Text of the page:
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Is DraftKings CEO Jason Robins Paid Too Much?

DraftKings (DKNG) CEO Jason Robins caught flak for not buying more DKNG stock when it was trading so low.
Investors look to insider buying as a sign of confidence in the company’s plan.  
Is Jason Robins doing enough to earn hi…

  • DraftKings (DKNG) CEO Jason Robins caught flak for not buying more DKNG stock when it was trading so low.
  • Investors look to insider buying as a sign of confidence in the company’s plan.  
  • Is Jason Robins doing enough to earn his CEO compensation? 

Source: Tada Images / Shutterstock.com

A recent spat ensued on Twitter between a disgruntled DraftKings (NASDAQ:DKNG) shareholder and company CEO and co-founder, Jason Robins. The shareholder thought Robins should be buying boatloads of DKNG stock as a vote of confidence. 

“Buy some shares if you believe in your company. If you don’t then you’re robbing us blind,” @ron84443992 tweeted on May 10. 

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Robins replied, “I cannot buy shares due to short swing profit rules. Believe me I’d be buying if I could.”

The LegalSportsReport does an excellent job explaining the subject of short-swing profits and why Robins didn’t answer the question despite selling close to $200 million in DKNG stock.

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I’ve been bullish about DraftKing’s prospects — especially in Ontario, where I used to live —  but the dustup got me wondering whether Robins has earned his keep as CEO.

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Here’s a look at both sides of the argument.

DKNG
DraftKings 
$14.15

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Warren Buffett Is the Gold Standard of CEO Pay

Whenever I evaluate a CEO’s pay, I look to Warren Buffett for guidance. Not directly from him, but I compare his pay package as Berkshire Hathaway’s (NYSE:BRK-A, NYSE:BRK-B) founder and CEO to other CEOs. In this case, it’s Robins.

In the fiscal years 2019 through 2021, Warren Buffett earned cumulative total compensation of $1.13 million, an average of $376,101. For fun, I tried to find the section “Option Exercises and Stock Vested” in Berkshire’s 2021 proxy to see how much he really made in those three years. 

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No luck. Berkshire doesn’t issue options to its executives. Greg Abel, who runs the company’s non-insurance business, and will take over from Buffett as CEO, earned a little over $19 million on average over the past three years. If he wants to own more Berkshire stock, he’ll have to buy it on the open market like the rest of us. Abel currently owns five Class A shares and 2,363 Class B shares worth $3 million. 

That’s nice, but it’s hardly $200 million. 

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96% of Robins’ Compensation Is in DKNG Stock

Robins’ total compensation was $14.0 million in 2021, $236.8 million in 2020, and $4.4 million in 2019. That’s an average of $85.1 million per year — quite a bit more than Buffett. Except for $9.6 million in cash payments, it’s been all in stock and option awards.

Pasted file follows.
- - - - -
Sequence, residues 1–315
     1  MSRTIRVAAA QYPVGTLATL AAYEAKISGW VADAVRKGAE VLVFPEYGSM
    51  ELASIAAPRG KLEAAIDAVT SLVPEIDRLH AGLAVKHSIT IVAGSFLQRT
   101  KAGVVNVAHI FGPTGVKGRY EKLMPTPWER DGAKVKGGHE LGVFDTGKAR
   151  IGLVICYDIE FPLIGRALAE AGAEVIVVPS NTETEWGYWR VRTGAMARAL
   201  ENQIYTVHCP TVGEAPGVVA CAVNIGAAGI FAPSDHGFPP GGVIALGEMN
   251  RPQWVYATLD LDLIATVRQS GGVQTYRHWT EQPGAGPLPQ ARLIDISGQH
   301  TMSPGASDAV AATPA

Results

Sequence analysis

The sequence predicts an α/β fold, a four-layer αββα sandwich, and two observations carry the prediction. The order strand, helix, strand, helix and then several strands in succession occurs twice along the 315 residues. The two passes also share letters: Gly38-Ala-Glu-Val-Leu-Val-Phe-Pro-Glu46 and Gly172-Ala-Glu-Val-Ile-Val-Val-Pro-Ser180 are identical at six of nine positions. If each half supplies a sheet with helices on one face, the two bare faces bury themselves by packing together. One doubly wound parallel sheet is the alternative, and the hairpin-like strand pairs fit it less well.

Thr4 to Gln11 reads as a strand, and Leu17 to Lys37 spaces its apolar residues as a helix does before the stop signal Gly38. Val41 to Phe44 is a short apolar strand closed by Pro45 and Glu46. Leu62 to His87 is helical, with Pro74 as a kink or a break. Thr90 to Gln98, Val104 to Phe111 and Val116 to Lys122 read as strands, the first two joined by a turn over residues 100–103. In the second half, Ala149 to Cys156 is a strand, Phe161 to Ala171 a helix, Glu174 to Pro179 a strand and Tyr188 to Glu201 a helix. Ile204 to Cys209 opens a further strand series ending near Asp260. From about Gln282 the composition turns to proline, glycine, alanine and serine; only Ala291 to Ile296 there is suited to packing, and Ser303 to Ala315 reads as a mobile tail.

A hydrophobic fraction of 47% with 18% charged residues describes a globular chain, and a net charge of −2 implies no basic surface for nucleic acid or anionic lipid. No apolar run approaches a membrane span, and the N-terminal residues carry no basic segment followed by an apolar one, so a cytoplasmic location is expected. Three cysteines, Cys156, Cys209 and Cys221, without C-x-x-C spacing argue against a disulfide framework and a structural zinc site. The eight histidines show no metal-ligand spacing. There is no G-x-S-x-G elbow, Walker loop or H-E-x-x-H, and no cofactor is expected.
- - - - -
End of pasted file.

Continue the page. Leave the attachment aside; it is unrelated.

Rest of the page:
But that’s not all. The CEO also made $49 million from option exercises and stock awards in 2021 alone. So, his actual compensation in 2021 was $51.7 million — you take out the stock and option awards and add back the $49 million from option exercises and stock awards — not $14.0 million as stated in the summary compensation table.

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Despite Robins selling close to $200 million in DKNG stock, he owns 408.9 million Class A and Class B shares that control 90.7% of the voting power. 

I’m not sure what the compensation committee chair does to earn his $17,500 annual retainer and the $45,000 annual retainer for serving on the board. Robins essentially has a rubber stamp.

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Jason Robins Is Paid Too Much

The disgruntled shareholder has a point. 

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Either Robins, as co-founder, should no longer receive stock options and awards — his 408.9 million shares are plenty of incentive to grow the business — or he should commit to not selling any shares for the next three to five years. 

As it stands now, he’s sucking and blowing, which might be acceptable if the stock was doing something, but it’s down 49% year-to-date and 68% over the past year. 

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I don’t think there’s any question that Jason Robins is exceptionally overpaid. The question is, what can Vanguard and Ark Investment Management — DraftKings’ two most prominent institutional investors — do about it? Nothing. 

Robins holds all the cards. 

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Situations like this give dual-class share structures a terrible name. I, too, would be disgruntled if I were a DraftKings shareholder. It’s an outrageous excess.  Avoid DKNG stock.

On the date of publication, Will Ashworth did not have (either directly or indirectly) any positions in the securities mentioned in this article. The opinions expressed in this article are those of the writer, subject to the InvestorPlace.com Publishing Guidelines.

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